NEWS
NGFA Tallies Cost of Unapproved Traits
Katie Micik DTN Markets Editor
Wed Apr 16, 2014 05:07 PM CDT

OMAHA (DTN) -- The National Grain and Feed Association estimates the U.S. corn, DDG and soybean industries suffered a $1.95 billion loss due to China's rejection of cargos that tested positive for the Agrisure Viptera MIR 162 trait.

The bulk of that loss is an estimated 11-cent-per-bushel lower average price for corn, the association said.

The potential loss resulting from the commercial launch of the Agrisure Duracade could range from $1.2 billion to $3.4 billion, NGFA said. The analysis only included losses from China, but the group noted the trait is awaiting approval in 28 countries not included in the ...

Quick View
  • Prepping for a Pest USDA has released a new set of pest response guidelines for Helicoverpa armigera, the voracious g...
  • Racing the Clock For Brian Marshall, the clock starts the minute a new calf hits the ground. Within the first four...
  • Hay Baling Safety Important Looking at it as a sporting event, mid-July is the halftime of the hay baling season in most of t...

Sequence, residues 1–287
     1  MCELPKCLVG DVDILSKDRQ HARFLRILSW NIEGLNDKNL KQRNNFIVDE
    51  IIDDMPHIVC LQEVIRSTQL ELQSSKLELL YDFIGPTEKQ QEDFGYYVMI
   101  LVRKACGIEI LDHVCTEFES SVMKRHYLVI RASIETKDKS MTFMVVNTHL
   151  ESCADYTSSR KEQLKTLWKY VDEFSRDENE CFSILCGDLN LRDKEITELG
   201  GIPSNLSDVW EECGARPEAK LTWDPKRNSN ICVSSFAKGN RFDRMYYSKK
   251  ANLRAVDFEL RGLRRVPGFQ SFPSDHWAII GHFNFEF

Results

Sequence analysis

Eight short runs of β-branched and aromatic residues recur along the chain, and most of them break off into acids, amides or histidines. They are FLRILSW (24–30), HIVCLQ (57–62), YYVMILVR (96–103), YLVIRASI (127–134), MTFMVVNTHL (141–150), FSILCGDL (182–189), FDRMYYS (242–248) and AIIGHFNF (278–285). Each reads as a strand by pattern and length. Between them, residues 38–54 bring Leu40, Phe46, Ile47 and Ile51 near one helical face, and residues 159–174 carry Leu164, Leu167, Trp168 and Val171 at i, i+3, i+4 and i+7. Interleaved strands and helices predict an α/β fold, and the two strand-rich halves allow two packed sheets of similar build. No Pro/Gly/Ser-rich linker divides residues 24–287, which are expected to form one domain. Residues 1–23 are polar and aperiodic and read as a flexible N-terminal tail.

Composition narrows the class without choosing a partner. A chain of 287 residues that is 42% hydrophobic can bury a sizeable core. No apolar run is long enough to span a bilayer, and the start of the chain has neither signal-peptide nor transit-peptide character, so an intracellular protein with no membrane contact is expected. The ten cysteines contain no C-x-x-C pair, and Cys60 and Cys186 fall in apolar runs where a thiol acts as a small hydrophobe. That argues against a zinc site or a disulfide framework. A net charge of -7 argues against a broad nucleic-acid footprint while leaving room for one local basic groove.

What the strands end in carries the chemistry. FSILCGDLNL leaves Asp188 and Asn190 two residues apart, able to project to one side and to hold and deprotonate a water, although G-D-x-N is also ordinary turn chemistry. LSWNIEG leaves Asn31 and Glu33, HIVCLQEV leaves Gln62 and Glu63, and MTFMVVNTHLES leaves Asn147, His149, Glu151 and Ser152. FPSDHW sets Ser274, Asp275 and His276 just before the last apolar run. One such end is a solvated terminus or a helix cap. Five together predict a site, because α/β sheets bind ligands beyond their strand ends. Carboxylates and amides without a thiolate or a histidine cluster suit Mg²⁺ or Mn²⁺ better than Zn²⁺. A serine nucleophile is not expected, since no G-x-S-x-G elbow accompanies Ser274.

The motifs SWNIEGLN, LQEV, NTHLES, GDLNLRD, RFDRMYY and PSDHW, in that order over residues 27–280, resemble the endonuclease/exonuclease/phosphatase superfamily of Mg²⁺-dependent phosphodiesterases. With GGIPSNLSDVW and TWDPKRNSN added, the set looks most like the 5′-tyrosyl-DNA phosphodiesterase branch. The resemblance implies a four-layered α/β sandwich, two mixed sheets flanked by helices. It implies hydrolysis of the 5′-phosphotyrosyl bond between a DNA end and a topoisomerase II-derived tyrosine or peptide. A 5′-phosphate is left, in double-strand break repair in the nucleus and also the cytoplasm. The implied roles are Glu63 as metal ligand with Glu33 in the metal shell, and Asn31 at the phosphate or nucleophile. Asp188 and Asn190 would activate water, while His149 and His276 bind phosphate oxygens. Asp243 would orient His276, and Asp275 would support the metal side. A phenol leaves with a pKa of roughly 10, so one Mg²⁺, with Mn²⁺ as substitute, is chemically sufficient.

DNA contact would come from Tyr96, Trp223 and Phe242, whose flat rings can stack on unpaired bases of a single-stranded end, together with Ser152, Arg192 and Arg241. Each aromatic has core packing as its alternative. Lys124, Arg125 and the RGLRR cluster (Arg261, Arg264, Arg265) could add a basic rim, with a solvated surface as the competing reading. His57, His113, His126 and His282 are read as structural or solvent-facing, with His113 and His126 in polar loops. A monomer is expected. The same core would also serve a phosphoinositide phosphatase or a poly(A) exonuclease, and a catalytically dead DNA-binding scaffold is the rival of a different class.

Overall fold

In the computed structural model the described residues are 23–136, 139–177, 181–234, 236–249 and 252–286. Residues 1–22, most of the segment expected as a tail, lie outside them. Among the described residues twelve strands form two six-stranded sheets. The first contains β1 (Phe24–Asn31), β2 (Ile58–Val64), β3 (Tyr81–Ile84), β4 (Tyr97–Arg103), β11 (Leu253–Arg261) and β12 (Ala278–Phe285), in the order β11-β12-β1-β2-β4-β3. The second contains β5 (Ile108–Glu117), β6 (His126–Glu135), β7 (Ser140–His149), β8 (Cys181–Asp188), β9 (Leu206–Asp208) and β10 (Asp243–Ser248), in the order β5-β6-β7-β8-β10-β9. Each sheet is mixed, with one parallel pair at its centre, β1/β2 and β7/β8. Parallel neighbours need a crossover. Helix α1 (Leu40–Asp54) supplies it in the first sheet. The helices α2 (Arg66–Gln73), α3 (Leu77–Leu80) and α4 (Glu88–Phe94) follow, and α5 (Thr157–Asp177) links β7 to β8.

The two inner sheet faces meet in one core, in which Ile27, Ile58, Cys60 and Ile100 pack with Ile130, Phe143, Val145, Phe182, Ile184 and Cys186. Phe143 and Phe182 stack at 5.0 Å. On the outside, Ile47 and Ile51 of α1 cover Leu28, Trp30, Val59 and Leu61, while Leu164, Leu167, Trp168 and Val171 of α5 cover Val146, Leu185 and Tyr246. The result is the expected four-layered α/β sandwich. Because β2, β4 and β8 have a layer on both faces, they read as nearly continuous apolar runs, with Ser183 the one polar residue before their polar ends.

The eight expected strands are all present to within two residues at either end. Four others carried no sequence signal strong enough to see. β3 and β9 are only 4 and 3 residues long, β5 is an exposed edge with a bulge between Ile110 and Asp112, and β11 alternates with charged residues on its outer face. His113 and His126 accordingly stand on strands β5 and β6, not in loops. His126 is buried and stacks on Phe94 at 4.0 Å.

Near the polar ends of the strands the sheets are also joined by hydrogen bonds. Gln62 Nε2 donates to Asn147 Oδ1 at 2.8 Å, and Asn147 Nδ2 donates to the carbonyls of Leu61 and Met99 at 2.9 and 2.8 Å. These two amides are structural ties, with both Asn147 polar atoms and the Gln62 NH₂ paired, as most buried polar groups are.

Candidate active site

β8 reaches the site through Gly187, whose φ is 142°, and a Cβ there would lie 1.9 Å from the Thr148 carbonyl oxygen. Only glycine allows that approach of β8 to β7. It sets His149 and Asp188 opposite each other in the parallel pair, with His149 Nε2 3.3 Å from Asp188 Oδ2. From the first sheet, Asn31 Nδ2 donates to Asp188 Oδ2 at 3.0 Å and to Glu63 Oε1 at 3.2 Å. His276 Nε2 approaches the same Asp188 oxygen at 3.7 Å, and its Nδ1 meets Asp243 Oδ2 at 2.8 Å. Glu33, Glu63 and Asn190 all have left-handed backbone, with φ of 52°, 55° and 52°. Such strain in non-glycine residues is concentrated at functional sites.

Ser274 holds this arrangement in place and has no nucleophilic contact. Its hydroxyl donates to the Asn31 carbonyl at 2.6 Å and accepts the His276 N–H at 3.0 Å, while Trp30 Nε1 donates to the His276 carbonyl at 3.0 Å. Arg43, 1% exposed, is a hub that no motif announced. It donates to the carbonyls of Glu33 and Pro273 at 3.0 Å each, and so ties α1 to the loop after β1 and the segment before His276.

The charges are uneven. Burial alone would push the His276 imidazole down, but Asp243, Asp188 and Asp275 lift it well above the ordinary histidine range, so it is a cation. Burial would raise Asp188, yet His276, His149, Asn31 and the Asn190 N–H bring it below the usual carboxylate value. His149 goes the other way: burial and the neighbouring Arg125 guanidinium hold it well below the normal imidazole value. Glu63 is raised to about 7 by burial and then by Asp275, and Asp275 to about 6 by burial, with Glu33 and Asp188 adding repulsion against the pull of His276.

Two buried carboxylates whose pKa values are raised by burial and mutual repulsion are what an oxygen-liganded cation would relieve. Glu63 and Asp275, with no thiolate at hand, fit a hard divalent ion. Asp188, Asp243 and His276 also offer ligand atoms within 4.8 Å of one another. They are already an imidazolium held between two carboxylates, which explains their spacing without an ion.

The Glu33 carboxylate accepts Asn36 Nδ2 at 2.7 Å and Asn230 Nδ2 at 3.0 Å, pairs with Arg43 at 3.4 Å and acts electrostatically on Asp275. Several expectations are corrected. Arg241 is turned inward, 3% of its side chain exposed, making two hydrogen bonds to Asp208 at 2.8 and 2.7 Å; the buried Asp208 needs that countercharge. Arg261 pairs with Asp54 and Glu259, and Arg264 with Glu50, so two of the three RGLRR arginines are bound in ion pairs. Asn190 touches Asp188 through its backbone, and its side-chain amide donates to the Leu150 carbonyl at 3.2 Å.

• "Easy Money Times Over" Feeding the world population won't be as hard as expected over the next decade some experts forec...
  • Weathering the Drought Parts of the panhandle and western Oklahoma are still considered as being in extreme or exception...
  • Clearing the Air EPA Administrator Gina McCarthy told a group of agribusiness representatives that her agency want...
  • Klinefelter: By the Numbers Peak prices since 2007 didn't slow megafarm consolidation. Mid-size operators may need to collabo...
  • Corn's Hidden Highways Scientists are rewriting the route to better hybrids.
  • Ask the Vet Before implanting heifers that will be bred, consult with a veterinarian to be sure fertility won...
Related News Stories
Shaw: Under the Agridome
Shaw: Under the Agridome
Shaw: Under the Agridome
Dicamba Delays
Shaw: Under the Agridome
Brazil Non-GE Soy Boom Stalls
Shaw: Under the Agridome
Clinton Backs Biotechnology
Shaw: Under the Agridome
Oregon Eyes GMO Field Mapping